Commenting on the fact that Africa has failed to produce leaders that are worthy of winning the Prize in 2009, 2010, 2012, 2013 and 2016, Mo Ibrahim, Chairman of the Mo Ibrahim Foundation said that he “wants the Prize to shine a spotlight on outstanding leadership to provide role models right across society, as well as supporting Laureates to continue to serve the continent by sharing their wisdom and experience.”
So why did the Mo Ibrahim Foundation award president Pedro Pires of Cape Verde (Photo) in 2011? This is what they said:
“The Prize Committee has been greatly impressed by President Pedro Pires’ vision in transforming Cabo Verde into a model of democracy, stability and increased prosperity.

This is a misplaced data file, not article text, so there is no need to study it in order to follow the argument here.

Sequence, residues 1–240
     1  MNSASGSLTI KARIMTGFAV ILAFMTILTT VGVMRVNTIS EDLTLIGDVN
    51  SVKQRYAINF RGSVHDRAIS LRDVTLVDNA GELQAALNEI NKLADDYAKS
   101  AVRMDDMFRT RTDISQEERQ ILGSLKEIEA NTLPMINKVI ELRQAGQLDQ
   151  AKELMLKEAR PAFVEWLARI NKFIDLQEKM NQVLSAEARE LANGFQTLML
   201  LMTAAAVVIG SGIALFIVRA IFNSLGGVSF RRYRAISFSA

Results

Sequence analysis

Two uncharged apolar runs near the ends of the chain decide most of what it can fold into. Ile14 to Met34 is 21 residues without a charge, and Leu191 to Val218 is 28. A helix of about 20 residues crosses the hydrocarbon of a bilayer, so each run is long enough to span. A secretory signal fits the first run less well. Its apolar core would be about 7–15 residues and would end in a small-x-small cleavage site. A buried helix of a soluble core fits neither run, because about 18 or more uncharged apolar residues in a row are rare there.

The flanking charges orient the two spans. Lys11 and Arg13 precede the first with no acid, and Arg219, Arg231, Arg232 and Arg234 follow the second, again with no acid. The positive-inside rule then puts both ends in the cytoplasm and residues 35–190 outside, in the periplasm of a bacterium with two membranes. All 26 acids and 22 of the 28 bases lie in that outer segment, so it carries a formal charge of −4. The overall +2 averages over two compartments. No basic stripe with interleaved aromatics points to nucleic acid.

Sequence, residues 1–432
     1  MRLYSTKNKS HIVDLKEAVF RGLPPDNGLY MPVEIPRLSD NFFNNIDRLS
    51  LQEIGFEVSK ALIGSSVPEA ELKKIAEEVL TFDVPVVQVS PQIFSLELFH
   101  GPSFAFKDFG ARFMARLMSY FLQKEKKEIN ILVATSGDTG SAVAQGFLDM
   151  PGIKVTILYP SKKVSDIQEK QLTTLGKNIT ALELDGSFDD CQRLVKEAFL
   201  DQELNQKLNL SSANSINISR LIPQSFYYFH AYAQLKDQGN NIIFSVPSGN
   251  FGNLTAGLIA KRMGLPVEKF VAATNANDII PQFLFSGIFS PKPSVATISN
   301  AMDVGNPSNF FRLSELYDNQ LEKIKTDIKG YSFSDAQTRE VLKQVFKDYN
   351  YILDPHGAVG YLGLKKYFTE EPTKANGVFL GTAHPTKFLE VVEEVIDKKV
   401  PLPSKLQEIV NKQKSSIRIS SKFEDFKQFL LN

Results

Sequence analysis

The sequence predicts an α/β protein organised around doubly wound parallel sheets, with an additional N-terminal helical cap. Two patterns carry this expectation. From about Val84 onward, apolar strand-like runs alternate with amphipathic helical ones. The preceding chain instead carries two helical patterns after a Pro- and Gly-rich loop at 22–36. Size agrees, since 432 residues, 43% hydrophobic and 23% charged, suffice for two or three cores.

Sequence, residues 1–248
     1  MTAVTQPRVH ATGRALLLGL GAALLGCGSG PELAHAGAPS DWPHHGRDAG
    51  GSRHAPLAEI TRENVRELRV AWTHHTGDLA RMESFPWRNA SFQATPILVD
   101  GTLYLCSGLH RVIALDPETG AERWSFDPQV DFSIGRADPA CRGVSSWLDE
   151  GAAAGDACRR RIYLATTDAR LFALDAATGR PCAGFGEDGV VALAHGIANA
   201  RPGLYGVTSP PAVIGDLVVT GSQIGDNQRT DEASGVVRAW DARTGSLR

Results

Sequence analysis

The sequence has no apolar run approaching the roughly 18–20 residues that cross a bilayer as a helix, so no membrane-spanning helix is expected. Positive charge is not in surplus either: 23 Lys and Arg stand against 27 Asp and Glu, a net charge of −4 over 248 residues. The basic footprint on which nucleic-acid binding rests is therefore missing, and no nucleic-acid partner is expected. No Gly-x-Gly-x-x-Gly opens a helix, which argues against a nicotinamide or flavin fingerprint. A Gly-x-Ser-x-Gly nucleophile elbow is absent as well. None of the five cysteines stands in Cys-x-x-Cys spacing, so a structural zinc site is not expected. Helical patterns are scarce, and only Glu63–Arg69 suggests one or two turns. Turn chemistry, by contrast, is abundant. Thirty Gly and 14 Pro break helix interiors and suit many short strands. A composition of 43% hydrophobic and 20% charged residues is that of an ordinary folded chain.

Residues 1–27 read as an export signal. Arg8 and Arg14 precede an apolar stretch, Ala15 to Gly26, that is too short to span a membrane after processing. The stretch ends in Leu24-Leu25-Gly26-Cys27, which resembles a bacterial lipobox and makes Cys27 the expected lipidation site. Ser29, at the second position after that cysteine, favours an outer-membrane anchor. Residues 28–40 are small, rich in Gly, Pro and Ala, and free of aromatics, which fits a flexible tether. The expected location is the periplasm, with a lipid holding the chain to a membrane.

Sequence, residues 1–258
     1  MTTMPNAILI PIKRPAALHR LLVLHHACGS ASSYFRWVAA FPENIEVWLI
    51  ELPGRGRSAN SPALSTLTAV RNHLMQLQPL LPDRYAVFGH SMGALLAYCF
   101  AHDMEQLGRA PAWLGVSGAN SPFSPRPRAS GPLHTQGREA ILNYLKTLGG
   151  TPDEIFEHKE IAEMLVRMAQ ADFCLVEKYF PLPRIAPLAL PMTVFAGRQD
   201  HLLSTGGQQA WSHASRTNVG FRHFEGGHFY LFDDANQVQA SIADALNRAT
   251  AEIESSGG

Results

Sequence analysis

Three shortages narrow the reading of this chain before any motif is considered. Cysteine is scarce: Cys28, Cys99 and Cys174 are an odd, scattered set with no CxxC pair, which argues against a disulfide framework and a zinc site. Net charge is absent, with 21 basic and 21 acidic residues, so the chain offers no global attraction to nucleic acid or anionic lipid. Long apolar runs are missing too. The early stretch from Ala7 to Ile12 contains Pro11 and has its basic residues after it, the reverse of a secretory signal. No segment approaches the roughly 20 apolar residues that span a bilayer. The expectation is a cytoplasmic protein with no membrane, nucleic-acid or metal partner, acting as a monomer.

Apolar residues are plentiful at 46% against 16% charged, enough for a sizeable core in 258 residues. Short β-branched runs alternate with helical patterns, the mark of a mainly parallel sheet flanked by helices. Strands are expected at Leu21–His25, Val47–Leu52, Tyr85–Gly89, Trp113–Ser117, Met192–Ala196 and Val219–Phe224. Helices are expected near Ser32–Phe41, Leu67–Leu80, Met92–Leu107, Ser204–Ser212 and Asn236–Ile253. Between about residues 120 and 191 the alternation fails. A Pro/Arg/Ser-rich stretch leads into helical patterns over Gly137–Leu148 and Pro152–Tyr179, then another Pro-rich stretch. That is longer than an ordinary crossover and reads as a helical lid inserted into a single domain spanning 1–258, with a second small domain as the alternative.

Under his ten years as President, the nation became only the second African country to graduate from the United Nation’s Least Developed category and has won international recognition for its record on human rights and good governance.
The result is that Cabo Verde is now seen as an African success story, economically, socially and politically.
Throughout his long career President Pires has been dedicated to the service of his people, including those in the diaspora, while retaining his humility and personal integrity.”
Pedro de Verona Rodrigues Pires served as Head of State of Cabo Verde from 2001 to 2010. He was appointed Prime Minister by the Parliament of the newly formed Republic of Cabo Verde in 1975, and began pushing for democratic reform in the 1980s. He held this post until 1991, when he lost the first multiparty election. He remained active in his party until he was elected President in 2001.